One year from now Macy’s expects to have closed 100 stores, leaving it with about 628 brick-and-mortar locations. The intent, gleaned from the company’s August 11 statement, is clear: to shed weaker stores, shore up the retailer in competitive markets and become as strong in omni-channel operations as it once was in traditional retailing.
Retailers continue to adapt to a business environment in which they have to battle for dominance on two fronts: competition from peers and the steady growth of e-commerce’s share of overall retail sales. Figures for e-commerce’s share of all national retail sales vary, especially when comparing industry figures and those from the U.S. Department of Commerce, which also tracks retail sales. The overall trend, however, is harder to overlook. Global consulting firm Deloitte predicts that online purchases will account for roughly 30 percent of all U.S. retail sales by 2030, according to “E-Commerce Implications for Retail Real Estate,” a 2015 report by USAA Real Estate Company. It is a potentially daunting picture of the future.
“Modern shoppers want both the ease and selection of the online marketplace,” Anthony Buono, executive managing director of global retail with real estate services firm CBRE, said in a statement. “Today’s most effective retailers aren’t focusing on brick-and-mortar or e-commerce exclusively.”
Macy’s announced the store closings on the same day that it reported second quarter total sales were $5.8 billion, a 3.9 percent dip from the same period last year. Several days later the U.S. Department of Commerce noted that e-commerce sales accounted for 8.1 percent of total sales in the second quarter, on a preliminary basis. That share of online sales increased from 7.1 percent in the same period a year ago, a revised figure, the department said.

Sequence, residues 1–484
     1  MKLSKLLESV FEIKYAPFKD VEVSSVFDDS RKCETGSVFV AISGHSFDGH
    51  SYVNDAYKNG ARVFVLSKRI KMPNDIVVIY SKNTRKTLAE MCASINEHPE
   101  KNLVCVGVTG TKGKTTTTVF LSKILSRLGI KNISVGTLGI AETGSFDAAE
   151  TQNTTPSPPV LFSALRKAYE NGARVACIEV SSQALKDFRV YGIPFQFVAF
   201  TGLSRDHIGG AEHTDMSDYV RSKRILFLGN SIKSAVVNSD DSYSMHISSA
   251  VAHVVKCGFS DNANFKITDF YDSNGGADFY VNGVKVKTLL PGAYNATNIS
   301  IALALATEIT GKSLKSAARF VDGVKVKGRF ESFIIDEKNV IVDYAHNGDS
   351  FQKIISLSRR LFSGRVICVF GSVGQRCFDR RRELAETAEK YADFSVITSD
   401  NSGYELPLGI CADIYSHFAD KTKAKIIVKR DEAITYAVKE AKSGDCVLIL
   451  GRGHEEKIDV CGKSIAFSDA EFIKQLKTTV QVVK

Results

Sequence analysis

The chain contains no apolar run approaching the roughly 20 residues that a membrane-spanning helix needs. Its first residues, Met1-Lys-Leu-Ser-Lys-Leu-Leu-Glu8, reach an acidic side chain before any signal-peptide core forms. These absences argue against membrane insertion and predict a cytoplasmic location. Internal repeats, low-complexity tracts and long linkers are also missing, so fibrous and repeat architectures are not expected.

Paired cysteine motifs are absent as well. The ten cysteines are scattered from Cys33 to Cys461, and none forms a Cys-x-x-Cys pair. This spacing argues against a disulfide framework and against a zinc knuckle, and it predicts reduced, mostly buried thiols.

“Everybody looked at it and said, ‘this is a direct result of business moving online,’” says Jan Kniffen, CEO of J Roger Kniffen WWE, a New York-based firm that consults with institutional retail investors, about the Macy’s announcement. “Nobody has said that with respect to these closings before.”
Many retailers across all categories have already adopted multi-channel sales models. The ongoing question is how landlords will reuse the space when anchor stores like Macy’s and specialty retailers adopt leaner store footprints.
It turns out that landlords have plenty of options, and have already put some of those strategies to work.
Smaller footprints and shorter leases
The retail real estae industry might have already positioned itself to adjust to a world with smaller store footprints. Lifestyle centers, mixed-use properties and other open-air centers, for instance, often include experience-driven tenants.
Landlords are more likely to consider replacing an anchor retailer that is failing with a Cheesecake Factory or an IMAX, Kniffen says. Grocery operators like Whole Foods and Trader Joe’s, with loyal customer bases and repeat foot traffic, have become go-to additions to shopping centers, according to the USAA Real Estate Company report. Those companies post very high average sales per sq. ft., of about $1,723 and $923, respectively.
Landlords are also increasingly leasing space to business not traditionally seen in a shopping center, like doctor’s offices.
“Some of these malls will have to be more like community centers, and include tenants like doctor offices, or residential spaces,” Kniffen says.
“Malls are courting family attractions like Crayola Experience, LEGOLAND Parks and Sea Life Aquarium,” notes an ICSC spokesperson. Gaming hubs like Dave &Busters and Round 1 are also sought-after tenants.
Not all of the retail real estate industry’s hopes for robust occupancy rates rest on experience-driven tenants, however. Industry experts expect Amazon, eyeglass and sunglass retailer Warby Parker and men’s retailer Bonobo’s all to open locations nationwide. They are just unlikely to maintain store counts of 1,000 units, Kniffen notes.
“I don’t think the world of brick-and-mortar will go away, but I think it will be greatly reduced in its presence,” he says. “If I’m right, 50 percent of non-bar, non-restaurant retail sales will be online by 2030. That is only 13.5 years from now.”
Meanwhile, while landlords diversify the tenant mix in their centers, they have also focused on redeveloping the properties. The industry has succeeded in constraining the amount of new supply being put into the development pipeline, and has focused on redevelopment, according to the ICSC spokesperson. She added that occupancy rates seem to support this. The national total mall occupancy rate increased slightly to 94 percent in the second quarter of 2016, compared with 93.9 percent in the second quarter of 2016.